The winter meetings are done, and for a while, the stove will cool down, and we'll be left to settle in and brace ourselves against the long weeks before spring training begins. Or, at least, until the first of the players report to Arizona in very early February and we have something to dream on. That's a momentary salve, though, and even the spring training games get old after a while, if I'm being honest.
There's still plenty to say about the events of the past week though, so let's get to it.
Only in the deeper recesses of our childish Christmas hopes did we really cling to the idea that Dexter Fowler just might be gearing up to come striding back onto the Cubs' 25-man roster. Only there did anyone genuinely think he wasn't just headed off into the
sunset room full of cash waiting for him. I had the dark suspicion that it would be the Cardinals that would nab him too. On an episode of The Den, I voiced as much, and I even tweeted it before that:
It's all fun and games until the Cardinals end up being the team that signs Dexter Fowler.
— Jared Wyllys (@jwyllys) November 7, 2016
I am still unhappy to be right, but I will continue my appreciation for Fowler, no matter where he plays. Thankfully, I have not seen any takes so far condemning him for being a "traitor" or any other juvenile silliness of that strain. In general, the people in St. Louis seem happy to have him (which they should be), and Cubs fans seem only appreciative of what he did in the past two seasons (which they should be).
The move to let Fowler just walk after arguably his career best season (4.7 fWAR) represents the kind of clinical approach to constructing a successful team that is necessary. It's a vote for the future in Albert Almora, Jr. and it's an unwillingness to overspend on a player because of sentimentality. It's said that Red Auerbach, of Boston Celtics fame, once put forth that letting a player go a year too early is better than hanging on to him for a year past his usefulness, and that's what's unfolding here.
Though he plugs a pretty significant hole in the Cardinals' roster, five years is long for the guy who'll be 36 when that contract ends. I'm sure St. Louis will get a year or two of very productive work from him, and while they think that this acquisition is closing the gap in the division, that is probably just the kind of baseless positivity that fills the winter months, and they could very well have hamstrung themselves for the years in the near future when a large chunk of the Cubs roster is really hitting its peak.
But thankfully his reception in St. Louis seems warm so far, and I do hope that he is successful there. Just not enough to get them in the playoffs. And when he returns to Wrigley, I will pour an Old Style on the head of anyone who boos him.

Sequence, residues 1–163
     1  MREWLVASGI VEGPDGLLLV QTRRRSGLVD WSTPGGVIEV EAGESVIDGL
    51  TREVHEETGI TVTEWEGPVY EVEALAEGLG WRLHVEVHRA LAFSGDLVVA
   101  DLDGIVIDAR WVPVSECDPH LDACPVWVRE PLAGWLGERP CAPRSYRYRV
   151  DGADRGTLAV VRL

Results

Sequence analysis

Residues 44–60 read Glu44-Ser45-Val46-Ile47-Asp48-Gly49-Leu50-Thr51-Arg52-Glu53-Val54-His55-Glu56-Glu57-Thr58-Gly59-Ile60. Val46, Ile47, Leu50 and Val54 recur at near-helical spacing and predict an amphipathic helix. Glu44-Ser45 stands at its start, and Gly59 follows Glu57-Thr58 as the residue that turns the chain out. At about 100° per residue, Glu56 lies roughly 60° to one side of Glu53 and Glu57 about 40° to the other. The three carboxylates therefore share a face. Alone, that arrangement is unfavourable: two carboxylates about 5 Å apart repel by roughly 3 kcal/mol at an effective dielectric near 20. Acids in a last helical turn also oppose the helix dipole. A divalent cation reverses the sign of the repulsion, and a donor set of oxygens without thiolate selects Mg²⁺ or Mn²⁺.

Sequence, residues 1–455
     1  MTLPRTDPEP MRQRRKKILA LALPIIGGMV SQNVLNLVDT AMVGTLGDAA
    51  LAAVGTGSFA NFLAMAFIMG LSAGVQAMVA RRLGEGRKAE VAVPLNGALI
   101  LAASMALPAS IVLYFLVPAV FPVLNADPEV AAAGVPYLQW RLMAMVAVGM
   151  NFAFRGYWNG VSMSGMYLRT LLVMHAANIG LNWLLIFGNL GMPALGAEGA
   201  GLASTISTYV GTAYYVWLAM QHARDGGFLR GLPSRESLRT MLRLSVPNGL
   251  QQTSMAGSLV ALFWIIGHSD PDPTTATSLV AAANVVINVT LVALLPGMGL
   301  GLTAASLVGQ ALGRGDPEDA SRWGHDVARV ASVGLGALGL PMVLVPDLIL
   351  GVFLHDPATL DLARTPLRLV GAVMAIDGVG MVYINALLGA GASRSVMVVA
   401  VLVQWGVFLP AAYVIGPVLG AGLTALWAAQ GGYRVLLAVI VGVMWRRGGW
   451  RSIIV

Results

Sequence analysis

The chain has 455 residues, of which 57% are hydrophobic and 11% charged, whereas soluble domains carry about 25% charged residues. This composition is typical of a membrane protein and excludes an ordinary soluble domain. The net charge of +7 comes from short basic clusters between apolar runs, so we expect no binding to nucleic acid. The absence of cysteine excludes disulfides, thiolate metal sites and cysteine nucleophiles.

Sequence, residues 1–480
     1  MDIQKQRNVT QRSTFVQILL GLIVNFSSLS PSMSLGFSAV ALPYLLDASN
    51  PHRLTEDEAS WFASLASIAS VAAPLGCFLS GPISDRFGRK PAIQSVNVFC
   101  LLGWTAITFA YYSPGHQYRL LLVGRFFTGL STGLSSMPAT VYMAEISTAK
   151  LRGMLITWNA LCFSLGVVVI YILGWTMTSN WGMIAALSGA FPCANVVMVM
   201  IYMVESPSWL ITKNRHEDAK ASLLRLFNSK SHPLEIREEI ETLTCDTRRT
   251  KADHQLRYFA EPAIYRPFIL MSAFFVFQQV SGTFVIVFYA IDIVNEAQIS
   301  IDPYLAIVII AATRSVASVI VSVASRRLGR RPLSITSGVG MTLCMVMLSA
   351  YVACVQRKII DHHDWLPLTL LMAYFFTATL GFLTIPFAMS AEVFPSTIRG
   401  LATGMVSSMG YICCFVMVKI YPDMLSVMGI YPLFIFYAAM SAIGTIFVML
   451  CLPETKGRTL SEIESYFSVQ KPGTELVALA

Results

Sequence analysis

So Who's Up First?
I tossed around the idea a few weeks ago that either Ben Zobrist or even Jason Heyward might be a good fit to take the first spot in the batting order with the then assumed departure of Fowler, but I'll admit that Kyle Schwarber never occurred to me.
Just yesterday, though, Sahadev Sharma may have convinced me that I made a pretty glaring omission when wondering about the best choice to lead off in 2017. (John: I broached the idea here as well last week). The idea was perhaps first sparked when Jed Hoyer actually speculated on the radio about the job of finding an out with a top three of Schwarber, Kris Bryant, and Anthony Rizzo:
“It’s pretty terrifying if you say you went Schwarber, Bryant, Rizzo to start the game, that pitcher’s coming out for that first inning and he knows he’s in trouble right away,” Hoyer said. “And I love that idea. I think it’s intimidating and getting your best hitters up there the most often is the most important part of our strategy.”
Imagine those three and then still have hitters like Ben Zobrist, Addison Russell, Javier Baez, Willson Contreras, and a (hopefully resurgent) Heyward to deal with. With that, "You go, we go," might turn into a trifecta of terror for opposing starters.
Schwarber isn't a choice just based on intimidation, either. As Sharma put it:
The reality is, if you can’t find the perfect leadoff man to fill the spot, Schwarber fits the bill. He posted a 13.2 percent walk rate in his rookie season and scouts believe that as he continues to develop, his bat-to-ball skills will improve and his .355 OBP from 2015 may just be scratching the surface.
During his very, very brief time as a minor leaguer (621 plate appearances in parts of two seasons), he had a gaudy .429 OBP. No one expects that, or even close to it, but he's consistently shown the capability of getting on base with regularity as a professional, so maybe sending him to the plate to start the game isn't an idea out of left field.
Some Good Reads
I don't read as much as I should. The work schedule and home schedule just don't allow for it, but I'm in the midst of this book by Sam Miller and Ben Lindbergh and genuinely enjoying it so far. As for the short term, here are a few things I came across today and found interesting:
- Rian Watt at 538 on the shift in hitters' ability to make good contact on pitches outside of the zone (linked here). As much as I'd be in love with a league full of guys who can do what Vladimir Guerrero did, that's not quite what's happening, but it was still intriguing.
- Nick Stellini at Fangraphs speculating on the baseball equivalent of the slam dunk (linked here). I'm inclined to agree with his conclusion, but I'm also partial to the knee-buckling called third strike.
- Eric Roseberry (who has a phenomenal podcast, by the way), at the Red Reporter on watching a rebuilding team stay mostly silent at the winter meetings (linked here). It was a nice reminder that the Cubs were, not that long ago, in the throes of a challenging rebuild, and that the road to competitiveness for the other teams in the NL Central is not an easy one.
That's all for this week, denizens.